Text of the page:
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Change in stance

Change in stance
Highlights

Two latest twists to foreign affairs of the country hint at far reaching developments. It looks as though India is rewriting the rules of engagement in tune with its national interests. If the first is the agreements signed with France, the second one is its perceptible softening of stand towards China’s concerns.

Two latest twists to foreign affairs of the country hint at far reaching developments. It looks as though India is rewriting the rules of engagement in tune with its national interests. If the first is the agreements signed with France, the second one is its perceptible softening of stand towards China’s concerns.

French President Emmanuel Macron and Prime Minister Narendra Modi signed a few agreements the other day in New Delhi. Most important of them all is the maritime agreement, perhaps. It should be noted that France is the biggest maritime power in the Indian Ocean with bases in Reunion and Mayotte, it also has a presence in southern Pacific, with bases in French Polynesia and New Caledonia.

The agreement between India and France effectively gives the Indian Navy an access to all France naval facilities in the two regions - Indian Ocean and the Southern Pacific Ocean. Similarly, France too gets the opportunity. This crucial reciprocal logistics support between the two Armed Forces was one of the key agreements among the 14 that were signed during the three-day visit of the French President.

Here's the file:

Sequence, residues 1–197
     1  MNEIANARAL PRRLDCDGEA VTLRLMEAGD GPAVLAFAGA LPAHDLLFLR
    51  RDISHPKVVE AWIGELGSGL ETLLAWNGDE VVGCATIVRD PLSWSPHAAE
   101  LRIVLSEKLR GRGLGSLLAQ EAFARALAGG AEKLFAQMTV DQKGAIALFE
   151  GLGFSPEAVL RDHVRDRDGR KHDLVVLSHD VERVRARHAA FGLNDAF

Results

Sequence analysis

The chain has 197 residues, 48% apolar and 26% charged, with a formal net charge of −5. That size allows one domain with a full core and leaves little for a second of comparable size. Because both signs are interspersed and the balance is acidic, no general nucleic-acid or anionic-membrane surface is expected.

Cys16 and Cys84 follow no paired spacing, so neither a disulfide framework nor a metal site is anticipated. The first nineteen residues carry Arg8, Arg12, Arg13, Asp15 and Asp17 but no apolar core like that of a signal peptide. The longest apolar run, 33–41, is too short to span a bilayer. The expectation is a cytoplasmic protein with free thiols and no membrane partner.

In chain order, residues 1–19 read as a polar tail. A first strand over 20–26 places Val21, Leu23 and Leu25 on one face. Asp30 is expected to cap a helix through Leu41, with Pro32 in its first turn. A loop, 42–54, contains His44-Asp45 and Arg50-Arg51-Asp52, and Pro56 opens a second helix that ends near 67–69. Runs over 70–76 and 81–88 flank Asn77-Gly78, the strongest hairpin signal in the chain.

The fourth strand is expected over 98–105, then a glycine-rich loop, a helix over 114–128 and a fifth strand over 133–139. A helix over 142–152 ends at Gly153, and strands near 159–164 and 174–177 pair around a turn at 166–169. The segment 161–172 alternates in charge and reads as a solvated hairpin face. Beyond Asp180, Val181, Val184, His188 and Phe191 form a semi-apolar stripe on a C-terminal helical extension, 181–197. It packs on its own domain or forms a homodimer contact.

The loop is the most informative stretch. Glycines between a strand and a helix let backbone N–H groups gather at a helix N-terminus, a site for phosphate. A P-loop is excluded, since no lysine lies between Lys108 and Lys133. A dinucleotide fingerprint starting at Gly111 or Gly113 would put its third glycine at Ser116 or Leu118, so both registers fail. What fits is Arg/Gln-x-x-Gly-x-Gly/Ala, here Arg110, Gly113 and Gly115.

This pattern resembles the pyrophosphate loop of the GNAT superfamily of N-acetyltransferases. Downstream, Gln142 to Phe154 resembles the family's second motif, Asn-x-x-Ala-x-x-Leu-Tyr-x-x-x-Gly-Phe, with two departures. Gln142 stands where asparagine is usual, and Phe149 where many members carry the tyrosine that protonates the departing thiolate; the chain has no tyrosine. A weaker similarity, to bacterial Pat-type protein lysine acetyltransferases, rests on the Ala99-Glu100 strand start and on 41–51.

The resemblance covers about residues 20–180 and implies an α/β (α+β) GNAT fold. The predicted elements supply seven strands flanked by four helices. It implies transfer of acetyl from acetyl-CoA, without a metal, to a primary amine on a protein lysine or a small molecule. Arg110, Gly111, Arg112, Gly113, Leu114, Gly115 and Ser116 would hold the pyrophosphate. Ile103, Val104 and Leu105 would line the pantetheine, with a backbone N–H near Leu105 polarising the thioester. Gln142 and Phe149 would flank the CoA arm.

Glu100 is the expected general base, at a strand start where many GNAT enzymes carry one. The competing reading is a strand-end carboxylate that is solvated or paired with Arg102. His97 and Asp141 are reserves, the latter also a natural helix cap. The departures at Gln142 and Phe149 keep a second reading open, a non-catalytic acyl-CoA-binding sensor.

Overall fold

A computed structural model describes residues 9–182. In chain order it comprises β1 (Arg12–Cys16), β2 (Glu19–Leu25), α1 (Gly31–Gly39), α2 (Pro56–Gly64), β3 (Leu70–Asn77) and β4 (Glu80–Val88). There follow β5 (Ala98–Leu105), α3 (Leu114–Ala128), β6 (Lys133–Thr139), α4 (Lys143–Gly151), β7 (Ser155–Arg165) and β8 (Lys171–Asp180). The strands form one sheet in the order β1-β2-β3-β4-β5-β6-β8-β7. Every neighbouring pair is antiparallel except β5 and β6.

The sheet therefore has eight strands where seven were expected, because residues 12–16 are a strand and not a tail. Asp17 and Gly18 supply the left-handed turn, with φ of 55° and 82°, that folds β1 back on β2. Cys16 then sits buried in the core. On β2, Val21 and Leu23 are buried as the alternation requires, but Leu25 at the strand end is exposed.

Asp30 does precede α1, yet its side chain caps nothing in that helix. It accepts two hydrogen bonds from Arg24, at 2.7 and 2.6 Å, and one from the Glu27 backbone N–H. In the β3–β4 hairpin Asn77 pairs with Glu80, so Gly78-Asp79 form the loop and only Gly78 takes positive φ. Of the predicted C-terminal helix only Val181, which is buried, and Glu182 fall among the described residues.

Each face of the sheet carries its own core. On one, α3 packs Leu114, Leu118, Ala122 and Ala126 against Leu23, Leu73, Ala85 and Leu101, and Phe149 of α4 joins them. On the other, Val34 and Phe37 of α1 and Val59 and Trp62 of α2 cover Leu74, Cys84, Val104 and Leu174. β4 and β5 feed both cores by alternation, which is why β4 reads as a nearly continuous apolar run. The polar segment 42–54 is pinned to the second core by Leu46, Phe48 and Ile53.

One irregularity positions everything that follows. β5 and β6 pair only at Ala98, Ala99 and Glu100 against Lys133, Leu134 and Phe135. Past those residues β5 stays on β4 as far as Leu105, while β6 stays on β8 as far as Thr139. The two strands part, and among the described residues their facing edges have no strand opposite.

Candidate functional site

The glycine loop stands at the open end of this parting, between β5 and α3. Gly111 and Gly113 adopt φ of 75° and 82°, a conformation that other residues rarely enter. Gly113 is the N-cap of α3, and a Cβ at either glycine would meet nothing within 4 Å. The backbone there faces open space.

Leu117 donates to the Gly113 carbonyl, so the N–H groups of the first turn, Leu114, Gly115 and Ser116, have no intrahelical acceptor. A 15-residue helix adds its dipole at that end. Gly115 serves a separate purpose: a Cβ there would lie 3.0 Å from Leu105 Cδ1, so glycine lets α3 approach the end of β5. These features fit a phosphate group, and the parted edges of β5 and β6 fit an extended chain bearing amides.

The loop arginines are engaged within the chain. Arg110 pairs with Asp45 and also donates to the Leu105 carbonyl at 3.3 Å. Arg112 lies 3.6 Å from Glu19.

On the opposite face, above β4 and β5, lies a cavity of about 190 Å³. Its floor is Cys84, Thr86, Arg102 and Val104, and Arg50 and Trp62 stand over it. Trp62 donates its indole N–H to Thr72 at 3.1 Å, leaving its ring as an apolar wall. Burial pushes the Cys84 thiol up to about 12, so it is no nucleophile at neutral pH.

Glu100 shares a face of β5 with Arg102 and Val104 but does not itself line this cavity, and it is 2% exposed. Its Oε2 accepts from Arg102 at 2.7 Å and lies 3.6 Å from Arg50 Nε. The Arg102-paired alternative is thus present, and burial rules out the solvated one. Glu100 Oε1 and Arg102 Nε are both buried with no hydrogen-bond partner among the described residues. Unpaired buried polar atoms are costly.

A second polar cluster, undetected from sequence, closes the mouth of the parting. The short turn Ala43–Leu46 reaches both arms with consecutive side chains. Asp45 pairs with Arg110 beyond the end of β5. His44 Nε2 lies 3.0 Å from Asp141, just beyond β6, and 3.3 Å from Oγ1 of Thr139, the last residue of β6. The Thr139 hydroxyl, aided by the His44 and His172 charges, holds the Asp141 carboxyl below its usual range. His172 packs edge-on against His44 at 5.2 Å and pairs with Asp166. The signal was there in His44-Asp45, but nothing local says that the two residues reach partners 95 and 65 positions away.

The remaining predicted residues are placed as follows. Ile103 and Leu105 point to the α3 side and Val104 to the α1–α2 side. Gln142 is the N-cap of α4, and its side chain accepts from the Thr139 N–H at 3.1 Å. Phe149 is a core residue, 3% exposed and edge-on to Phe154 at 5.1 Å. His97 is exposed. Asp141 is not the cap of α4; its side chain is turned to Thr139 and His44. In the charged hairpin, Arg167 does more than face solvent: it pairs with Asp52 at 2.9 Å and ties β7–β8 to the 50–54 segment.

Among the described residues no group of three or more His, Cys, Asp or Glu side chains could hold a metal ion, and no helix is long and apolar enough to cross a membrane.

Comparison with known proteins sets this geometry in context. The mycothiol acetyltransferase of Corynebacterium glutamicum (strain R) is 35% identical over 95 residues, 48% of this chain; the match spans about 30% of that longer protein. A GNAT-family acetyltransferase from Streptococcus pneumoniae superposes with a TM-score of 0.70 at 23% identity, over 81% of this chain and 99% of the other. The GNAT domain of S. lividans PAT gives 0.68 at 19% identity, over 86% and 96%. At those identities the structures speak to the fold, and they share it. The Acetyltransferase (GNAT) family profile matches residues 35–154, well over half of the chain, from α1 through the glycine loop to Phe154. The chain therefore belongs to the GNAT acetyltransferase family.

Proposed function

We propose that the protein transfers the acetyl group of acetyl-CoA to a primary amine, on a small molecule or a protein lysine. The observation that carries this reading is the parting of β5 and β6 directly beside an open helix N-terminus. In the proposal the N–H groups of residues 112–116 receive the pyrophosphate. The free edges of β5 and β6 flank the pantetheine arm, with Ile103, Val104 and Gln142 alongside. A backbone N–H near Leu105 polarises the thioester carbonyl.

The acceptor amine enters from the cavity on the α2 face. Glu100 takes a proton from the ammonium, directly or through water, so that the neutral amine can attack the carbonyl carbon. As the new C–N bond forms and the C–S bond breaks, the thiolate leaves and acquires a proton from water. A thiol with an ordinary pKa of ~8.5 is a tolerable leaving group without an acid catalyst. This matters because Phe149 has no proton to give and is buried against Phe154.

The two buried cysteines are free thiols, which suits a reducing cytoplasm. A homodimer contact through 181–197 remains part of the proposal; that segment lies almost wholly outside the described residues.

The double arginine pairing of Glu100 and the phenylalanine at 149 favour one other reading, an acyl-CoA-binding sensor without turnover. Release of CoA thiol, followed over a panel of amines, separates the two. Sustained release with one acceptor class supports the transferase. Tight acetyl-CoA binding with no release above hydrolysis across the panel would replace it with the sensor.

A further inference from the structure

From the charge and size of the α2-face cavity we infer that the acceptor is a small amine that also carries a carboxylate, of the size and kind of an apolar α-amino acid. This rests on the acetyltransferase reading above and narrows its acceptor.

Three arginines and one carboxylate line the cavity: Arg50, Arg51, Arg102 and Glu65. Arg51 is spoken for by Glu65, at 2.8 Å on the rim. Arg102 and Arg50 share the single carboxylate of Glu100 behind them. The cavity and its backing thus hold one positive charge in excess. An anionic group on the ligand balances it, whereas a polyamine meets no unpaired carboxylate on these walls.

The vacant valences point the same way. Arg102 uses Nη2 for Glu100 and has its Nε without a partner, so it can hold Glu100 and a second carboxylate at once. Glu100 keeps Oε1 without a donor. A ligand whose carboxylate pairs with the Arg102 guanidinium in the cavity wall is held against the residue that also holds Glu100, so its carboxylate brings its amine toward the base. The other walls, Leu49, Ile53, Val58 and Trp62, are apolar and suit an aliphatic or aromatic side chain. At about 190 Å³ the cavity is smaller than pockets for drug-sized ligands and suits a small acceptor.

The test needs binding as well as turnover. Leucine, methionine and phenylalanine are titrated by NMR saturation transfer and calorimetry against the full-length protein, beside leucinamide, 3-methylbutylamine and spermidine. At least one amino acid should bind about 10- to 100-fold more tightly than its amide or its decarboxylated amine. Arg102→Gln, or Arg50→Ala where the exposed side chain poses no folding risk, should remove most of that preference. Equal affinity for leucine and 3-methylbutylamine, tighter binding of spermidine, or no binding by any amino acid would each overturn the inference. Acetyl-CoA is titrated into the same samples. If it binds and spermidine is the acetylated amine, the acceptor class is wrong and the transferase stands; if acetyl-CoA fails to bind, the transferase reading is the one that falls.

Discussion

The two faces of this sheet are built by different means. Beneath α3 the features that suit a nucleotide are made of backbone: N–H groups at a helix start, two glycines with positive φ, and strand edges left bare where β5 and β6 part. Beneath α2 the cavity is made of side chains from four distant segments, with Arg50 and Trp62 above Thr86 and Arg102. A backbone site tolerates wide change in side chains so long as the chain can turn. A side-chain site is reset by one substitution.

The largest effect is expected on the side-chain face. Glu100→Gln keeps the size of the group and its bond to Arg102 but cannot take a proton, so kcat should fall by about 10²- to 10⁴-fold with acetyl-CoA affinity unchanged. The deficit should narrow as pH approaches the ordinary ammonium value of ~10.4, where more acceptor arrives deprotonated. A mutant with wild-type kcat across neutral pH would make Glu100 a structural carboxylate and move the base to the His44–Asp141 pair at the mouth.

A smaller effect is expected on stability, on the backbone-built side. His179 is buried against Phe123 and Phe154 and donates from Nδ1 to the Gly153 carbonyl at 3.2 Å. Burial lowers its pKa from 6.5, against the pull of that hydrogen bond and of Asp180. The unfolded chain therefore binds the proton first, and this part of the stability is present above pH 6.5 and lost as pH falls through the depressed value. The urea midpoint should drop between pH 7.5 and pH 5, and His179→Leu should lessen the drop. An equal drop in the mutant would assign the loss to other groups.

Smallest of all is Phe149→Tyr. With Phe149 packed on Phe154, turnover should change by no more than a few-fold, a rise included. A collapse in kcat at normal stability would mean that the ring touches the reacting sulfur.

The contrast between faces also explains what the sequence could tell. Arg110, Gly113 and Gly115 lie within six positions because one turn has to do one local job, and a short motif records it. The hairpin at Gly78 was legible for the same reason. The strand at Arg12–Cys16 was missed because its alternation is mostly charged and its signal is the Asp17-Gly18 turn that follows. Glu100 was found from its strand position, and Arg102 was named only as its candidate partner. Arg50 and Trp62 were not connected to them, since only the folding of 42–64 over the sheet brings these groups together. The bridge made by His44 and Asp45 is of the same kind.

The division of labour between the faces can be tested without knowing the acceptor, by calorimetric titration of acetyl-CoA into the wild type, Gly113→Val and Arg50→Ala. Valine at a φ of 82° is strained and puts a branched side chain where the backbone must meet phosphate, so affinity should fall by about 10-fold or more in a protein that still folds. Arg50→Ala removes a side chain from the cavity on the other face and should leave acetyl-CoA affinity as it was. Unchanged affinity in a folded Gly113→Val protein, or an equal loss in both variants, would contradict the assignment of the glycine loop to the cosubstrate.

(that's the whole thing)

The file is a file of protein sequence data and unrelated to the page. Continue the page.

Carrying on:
This also means that France and India will act in tandem in the Indian Ocean and also the Pacific Ocean. France has always been at the forefront in demanding freedom of navigation all over, including South China Sea and it has already offered to coordinate such efforts with the navies of the European Union in 2015.

It should be recalled here that French Navy has also carried out joint drill with Australian and Vietnamese defence forces in 2015 and also in regular coordination with the Japanese Navy. How does China react to this latest agreement - which is a trilateral one in addition with Australia being the other player included - between France and India now? Should it worry in the first place at all?

The Indo-French agreements give rise to these questions because of the softening of the Indian stand towards Chinese concerns of late. One of the primary concerns of China has always been Dalai Lama, whom it perceives as an anti-national and saboteur. Of course, there are border disputes too with India for it.

The other day when India discretely asked its top order not to attend the 'Thanksgiving Day’ of Tibetans planned in New Delhi, it came as a surprise to everyone because this is not how India treats the Tibetans. Again, India was the first to congratulate China when the latter became the vice-president of the FATF (Financial Action Task Force).

What exactly transpired in Paris is not known. But, it is significant to note that, China which had opposed the move to get Pakistan included in the FATF’s Grey-list for financing international terrorism across the globe along with Turkey and Saudi Arabia initially, withdrew its resistance at the last moment and agreed to join hands with the rest of the world. Is it something reciprocal that India forced Tibetans to move their celebrations from New Delhi to Dharamshala? In both these cases, India seems to have embarked on a long term game-plan.

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